Review: Star Trek is all mass with no effect
In 2009, J.J. Abrams rebooted Star Trek, effectively recasted an iconic crew and revitalized the franchise. It went more towards an action sci-fi film with Chris Pine as a young, handsome Kirk (yet Han Solo-esque) that you could build a new movie franchise around. It was a beautiful, stylistic movie that made new Trek fans, and pleased current ones. Obviously, since there’s a much-anticipated sequel, Star Trek Into Darkness, releasing May 17, it was only a matter of time before a Star Trek video game appeared.
And so we have Star Trek the Video Game, an original story that takes place after the events of the 2009 film and before the 2013 film. After their home planet is destroyed, the Vulcans are trying to settle on their new planet, cleverly titled ‘New Vulcan.’ The story involves a mysterious device/weapon that powers colonies and tears holes in space; the return of the classic, reptilian, warlike race, the Gorn; and a shadowy Starfleet upper-man who has his own plans for the device. For a story that's only mediocre, the gameplay needs to be the thing that carries this game, and it fails to do so.
Namco Bandai and Digital Extremes have molded Abrams’ take on Star Trek into a third-person cover shooter shell, along the lines of Gears of War and Mass Effect. Unlike those games, Star Trek lacks originality -- which is sad considering it helped pioneer sci-fi. Combat is uninspired, animations are a mess, and the AI is lacking, combining to make a game that should play one way but plays another.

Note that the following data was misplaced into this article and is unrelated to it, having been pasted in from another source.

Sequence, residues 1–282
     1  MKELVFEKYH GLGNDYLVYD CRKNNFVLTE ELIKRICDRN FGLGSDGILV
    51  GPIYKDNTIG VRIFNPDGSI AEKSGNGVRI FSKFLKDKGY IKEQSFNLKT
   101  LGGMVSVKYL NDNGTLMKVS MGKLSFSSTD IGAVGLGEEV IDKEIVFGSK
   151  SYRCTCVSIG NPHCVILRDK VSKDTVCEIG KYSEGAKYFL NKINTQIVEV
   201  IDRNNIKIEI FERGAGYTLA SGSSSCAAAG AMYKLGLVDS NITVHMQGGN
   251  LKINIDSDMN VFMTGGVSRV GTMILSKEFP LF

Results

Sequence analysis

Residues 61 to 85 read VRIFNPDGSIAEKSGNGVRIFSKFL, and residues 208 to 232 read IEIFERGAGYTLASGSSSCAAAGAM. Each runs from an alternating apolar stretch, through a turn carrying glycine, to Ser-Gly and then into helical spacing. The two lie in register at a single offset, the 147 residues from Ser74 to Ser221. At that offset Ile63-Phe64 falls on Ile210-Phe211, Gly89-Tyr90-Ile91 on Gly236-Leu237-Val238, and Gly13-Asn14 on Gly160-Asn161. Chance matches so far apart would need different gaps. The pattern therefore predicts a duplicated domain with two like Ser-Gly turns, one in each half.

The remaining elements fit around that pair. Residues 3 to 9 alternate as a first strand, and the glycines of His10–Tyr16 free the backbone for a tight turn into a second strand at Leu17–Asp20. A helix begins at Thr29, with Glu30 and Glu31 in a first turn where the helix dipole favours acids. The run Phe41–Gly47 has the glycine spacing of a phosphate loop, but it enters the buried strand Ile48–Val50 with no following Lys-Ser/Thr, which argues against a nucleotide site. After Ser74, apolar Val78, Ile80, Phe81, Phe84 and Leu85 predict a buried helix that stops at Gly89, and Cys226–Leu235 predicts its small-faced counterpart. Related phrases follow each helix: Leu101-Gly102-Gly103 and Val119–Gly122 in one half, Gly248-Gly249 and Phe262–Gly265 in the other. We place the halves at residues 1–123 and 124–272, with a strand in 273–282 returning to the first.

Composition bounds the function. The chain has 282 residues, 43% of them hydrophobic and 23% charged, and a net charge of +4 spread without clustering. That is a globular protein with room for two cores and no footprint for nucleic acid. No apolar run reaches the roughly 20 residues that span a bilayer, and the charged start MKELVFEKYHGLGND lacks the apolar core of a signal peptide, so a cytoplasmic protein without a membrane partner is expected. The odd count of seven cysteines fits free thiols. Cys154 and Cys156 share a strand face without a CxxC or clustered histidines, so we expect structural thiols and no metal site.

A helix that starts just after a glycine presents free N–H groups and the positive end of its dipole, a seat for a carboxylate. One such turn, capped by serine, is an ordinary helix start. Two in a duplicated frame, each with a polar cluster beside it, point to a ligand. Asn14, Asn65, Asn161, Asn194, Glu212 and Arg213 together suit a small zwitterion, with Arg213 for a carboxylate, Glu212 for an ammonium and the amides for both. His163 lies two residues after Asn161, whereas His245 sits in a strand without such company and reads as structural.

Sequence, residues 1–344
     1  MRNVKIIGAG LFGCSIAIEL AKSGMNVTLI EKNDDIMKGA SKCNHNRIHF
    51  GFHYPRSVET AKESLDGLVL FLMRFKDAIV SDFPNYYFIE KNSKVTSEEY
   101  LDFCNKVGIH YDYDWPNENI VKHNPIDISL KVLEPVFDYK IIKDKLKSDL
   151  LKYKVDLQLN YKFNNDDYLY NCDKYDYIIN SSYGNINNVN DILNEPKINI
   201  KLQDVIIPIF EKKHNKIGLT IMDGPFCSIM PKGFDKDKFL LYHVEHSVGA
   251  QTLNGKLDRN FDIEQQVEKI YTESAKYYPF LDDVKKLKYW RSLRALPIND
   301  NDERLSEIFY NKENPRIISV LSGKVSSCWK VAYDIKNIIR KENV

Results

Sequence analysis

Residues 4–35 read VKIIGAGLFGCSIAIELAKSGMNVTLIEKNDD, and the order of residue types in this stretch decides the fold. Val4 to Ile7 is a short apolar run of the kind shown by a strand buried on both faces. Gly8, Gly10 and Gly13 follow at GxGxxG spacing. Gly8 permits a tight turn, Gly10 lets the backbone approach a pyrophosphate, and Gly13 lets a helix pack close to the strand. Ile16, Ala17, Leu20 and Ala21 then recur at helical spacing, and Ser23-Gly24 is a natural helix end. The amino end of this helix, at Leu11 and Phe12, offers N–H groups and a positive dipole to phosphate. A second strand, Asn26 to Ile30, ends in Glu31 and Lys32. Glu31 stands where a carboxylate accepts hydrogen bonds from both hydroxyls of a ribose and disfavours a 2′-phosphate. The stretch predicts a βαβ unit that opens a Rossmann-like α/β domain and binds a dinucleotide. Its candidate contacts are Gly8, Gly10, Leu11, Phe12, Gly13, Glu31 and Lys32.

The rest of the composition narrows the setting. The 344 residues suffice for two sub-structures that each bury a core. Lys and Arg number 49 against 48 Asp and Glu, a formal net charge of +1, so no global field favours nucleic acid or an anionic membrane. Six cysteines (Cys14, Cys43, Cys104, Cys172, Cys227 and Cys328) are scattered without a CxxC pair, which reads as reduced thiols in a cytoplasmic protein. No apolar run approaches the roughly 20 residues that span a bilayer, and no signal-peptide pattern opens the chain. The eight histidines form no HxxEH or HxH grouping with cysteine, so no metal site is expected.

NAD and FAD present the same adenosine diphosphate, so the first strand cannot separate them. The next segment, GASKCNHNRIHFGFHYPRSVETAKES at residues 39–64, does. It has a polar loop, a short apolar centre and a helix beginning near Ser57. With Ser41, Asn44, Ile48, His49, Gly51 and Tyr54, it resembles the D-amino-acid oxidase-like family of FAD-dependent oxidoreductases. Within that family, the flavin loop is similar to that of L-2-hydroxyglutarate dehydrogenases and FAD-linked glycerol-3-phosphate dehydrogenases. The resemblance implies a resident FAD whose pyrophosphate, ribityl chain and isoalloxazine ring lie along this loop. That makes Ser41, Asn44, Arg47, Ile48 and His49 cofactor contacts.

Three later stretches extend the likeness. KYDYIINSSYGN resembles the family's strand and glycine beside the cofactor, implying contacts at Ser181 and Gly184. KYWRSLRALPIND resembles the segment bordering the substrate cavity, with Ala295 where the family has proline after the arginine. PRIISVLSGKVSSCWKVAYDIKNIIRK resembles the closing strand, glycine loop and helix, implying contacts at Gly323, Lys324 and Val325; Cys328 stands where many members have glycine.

I played Star Trek on PC; with that in mind, I didn’t have nearly the amount of bugs that some others had, but I encountered my fair share of annoyances. My concern with this game when I first saw it was that it was too dependent on co-op. Since the whole game has Kirk and Spock battling the Gorn together, the AI would have to be superb for when players aren’t playing with another human. And that’s the first problem with Star Trek -- the AI. When Spock isn’t busy running in place stuck on a wall, he’s repeatedly getting shot down by enemies as his pathing destroys any sort of combat strategy I was going for. Many of the problems with your companion are solved when you play with another human. However, that doesn’t help the AI of the Gorn at all. Simply put, they’re stupid. Quite often, my firing at them wouldn’t even draw a response.